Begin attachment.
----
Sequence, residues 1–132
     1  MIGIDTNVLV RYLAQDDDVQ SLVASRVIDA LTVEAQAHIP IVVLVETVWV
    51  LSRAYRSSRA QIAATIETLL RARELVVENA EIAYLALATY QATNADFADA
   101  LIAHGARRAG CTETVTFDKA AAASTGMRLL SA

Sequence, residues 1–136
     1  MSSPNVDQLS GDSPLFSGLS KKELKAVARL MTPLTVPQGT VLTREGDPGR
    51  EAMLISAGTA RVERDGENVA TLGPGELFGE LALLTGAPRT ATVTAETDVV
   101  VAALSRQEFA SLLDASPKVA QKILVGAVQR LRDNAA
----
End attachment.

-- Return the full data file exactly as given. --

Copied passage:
Sequence, residues 1–132
     1  MIGIDTNVLV RYLAQDDDVQ SLVASRVIDA LTVEAQAHIP IVVLVETVWV
    51  LSRAYRSSRA QIAATIETLL RARELVVENA EIAYLALATY QATNADFADA
   101  LIAHGARRAG CTETVTFDKA AAASTGMRLL SA

Sequence, residues 1–136
     1  MSSPNVDQLS GDSPLFSGLS KKELKAVARL MTPLTVPQGT VLTREGDPGR
    51  EAMLISAGTA RVERDGENVA TLGPGELFGE LALLTGAPRT ATVTAETDVV
   101  VAALSRQEFA SLLDASPKVA QKILVGAVQR LRDNAA